The Ancient Library

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On this page: Peregrinus – Pergamene Sculptures



the latter half of the 2nd century B.C. the less important cases began to be treated as offences of maiestas ; and by Caesar's Julian law, 46 B.C., all cases of perduellio were included under this name. (See also maiestas.)

PSrSgrmus. The description in Roman law of all foreigners or persons other than citizens sojourning or domiciled within Roman territory. Originally peregrini were entirely without rights, unless they obtained a patrdnits, except in cases where there was a treaty (foedus) with the State

they were always excluded. (See also civitas.)

Fergameae Sculptures. These sculptures belong to the acropolis of Pergainon in Asia Minor, discovered by the accomplished archi­tect Huinann in 1871, and excavated in and after 1878 under the superintendence of Humann and the distinguished archaeologist Conze, with the assistance of R. Bohn and others. The work was done at the expense of the Prussian government, and the sculp­tures then brought to light are now in the Museum at Berlin. The first rank among


'Helief from Pergamon; Berlin Museum.)


to which they belonged, regulating the legal position of the subjects of the two States respectively. But the increasing intercourse between Rome and other States, and the consequent growth in the number of peregrini in Rome, made it necessary to grant to all foreigners a definite compe­tency to acquire property, enter into obliga­tions, and the like ; and for the decision of civil suits between foreigners and citizens, or of foreigners among themselves, a special prcntor (ij.v.) was appointed. From the public, private, and sacrificial law of Rome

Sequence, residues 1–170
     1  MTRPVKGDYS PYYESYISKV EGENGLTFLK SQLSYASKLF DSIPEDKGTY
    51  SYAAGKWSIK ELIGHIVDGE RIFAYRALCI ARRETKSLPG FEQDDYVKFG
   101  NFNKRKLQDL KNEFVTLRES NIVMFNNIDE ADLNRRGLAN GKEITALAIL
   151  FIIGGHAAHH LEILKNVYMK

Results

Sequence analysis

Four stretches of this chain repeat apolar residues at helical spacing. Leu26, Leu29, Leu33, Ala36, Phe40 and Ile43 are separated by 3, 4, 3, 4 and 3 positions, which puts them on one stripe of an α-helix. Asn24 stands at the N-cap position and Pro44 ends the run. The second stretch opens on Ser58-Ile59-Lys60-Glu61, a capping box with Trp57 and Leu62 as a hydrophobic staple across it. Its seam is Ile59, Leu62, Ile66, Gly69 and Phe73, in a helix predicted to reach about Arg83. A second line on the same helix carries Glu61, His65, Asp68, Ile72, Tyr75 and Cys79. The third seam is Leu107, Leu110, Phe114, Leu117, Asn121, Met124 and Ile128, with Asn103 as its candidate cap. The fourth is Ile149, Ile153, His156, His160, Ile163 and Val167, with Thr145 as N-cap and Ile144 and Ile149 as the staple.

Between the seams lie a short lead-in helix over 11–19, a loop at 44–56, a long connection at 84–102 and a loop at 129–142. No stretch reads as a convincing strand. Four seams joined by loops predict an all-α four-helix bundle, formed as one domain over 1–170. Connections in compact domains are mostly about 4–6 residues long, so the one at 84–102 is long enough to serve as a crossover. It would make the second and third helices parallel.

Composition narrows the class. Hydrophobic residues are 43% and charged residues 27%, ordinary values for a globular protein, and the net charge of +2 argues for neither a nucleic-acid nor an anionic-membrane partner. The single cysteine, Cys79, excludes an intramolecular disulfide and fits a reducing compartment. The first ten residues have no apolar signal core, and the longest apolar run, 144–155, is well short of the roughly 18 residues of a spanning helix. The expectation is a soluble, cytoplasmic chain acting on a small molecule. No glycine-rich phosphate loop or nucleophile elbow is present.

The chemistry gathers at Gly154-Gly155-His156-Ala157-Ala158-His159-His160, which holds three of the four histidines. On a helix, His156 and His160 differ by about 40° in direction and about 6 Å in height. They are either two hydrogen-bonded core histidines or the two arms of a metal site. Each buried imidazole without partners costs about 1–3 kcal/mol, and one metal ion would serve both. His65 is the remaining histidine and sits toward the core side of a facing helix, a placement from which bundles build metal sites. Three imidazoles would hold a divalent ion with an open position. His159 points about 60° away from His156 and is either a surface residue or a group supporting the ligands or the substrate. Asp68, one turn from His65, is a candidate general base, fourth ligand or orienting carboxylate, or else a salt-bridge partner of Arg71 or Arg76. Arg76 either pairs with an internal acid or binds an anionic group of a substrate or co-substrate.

them is occupied by the remains of the sculpture representing the fight between the gods and the snake-legged Giants, a colossal composition in high relief, which occupied a space 7 ft. 6| ins. high, and extended over the outer surface (about 118 sq. ft. in area) of the upper part of the platform of an altar about 39 ft. high, which was probably built by king EumSnes II (197-159 b.c.). Of this about half remains, whereof a third consists of more or less well-preserved slabs, and the rest of frag­ments large and small. They exhibit an

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